His network supplied Florida, St. Louis, Kansas City, Cincinnati, and as far away as New Orleans. Dwyer was able to smuggle large amounts of booze into New York City because he knew one simple fact: you had to bribe the police and the Coast Guard if you wanted to be successful in the bootlegging business. And that Dwyer did, handing over thousands of dollars to anyone who would accept his generosity and who was willing to turn a blind eye in return.

Paying off New York City cops was easy. The police who didn’t have their hands out for bribe money were rare. However, Dwyer was especially skilful in recruiting Coast Guard members to look the other way, when his speedboats were entering New York waters.

This success of this fleet helped Bill to acquire the lifelong nickname of ‘King of the Rum Runners.’ (6)

Soon the Combine was making hundreds of millions of dollars and even the well-bribed authorities were forced to act.

The Arrest of Big Bill

Police seize illicit alcohol.

In 1925, Dwyer was arrested for attempting to bribe Coast Guard members during a sting operation headed by the Prohibition Bureau.

Being convicted and imprisoned was a great shock to Bill Dwyer. He had always looked upon himself as a businessman and never considered himself a gangster.

While he was in prison, a despondent Dwyer said to one of his cell mates.

“I wish I had never seen a case of whiskey. I spent years in daily fear of my life, always expecting to be arrested, always dealing with crooks and double-crossers, and now look at me. My wife is heartbroken, and I am worse than broke.”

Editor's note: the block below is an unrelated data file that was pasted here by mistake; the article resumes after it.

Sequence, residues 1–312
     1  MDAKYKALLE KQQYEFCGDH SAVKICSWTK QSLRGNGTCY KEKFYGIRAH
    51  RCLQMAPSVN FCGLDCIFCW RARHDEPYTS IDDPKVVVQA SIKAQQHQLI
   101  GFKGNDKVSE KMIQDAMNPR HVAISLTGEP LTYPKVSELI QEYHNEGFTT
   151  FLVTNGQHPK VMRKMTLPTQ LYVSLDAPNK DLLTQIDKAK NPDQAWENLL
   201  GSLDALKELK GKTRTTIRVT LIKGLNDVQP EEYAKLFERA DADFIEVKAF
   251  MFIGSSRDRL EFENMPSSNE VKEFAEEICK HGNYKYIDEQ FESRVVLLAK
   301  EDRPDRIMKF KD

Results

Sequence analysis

While in prison, Frank Costello and the Italian Mafia eased Madden (who was already under suspicion for the murder of Mad Dog Coll) aside and took over Dwyer’s operation.

Leaving organised crime

Another rum running vessel.

After 13 months in prison, Dwyer was released for good behaviour. He recognised the landscape had changed and the Italian Mafia was now on the ascendancy. He was a realist and slowly began to withdraw from bootlegging, instead investing his money into legitimate businesses including sports teams, owning a football and two ice hockey teams.

Bill first purchased the Hamilton Tigers of the National Ice Hockey league and moved them to Madison Square Garden, renaming the franchise ‘The New York Americans.’

With his vast wealth from bootlegging and being accustomed to paying for success, Bill’s strategy for sporting success was simple — pay massive wages to attract the best players and bribe officials to win at all costs.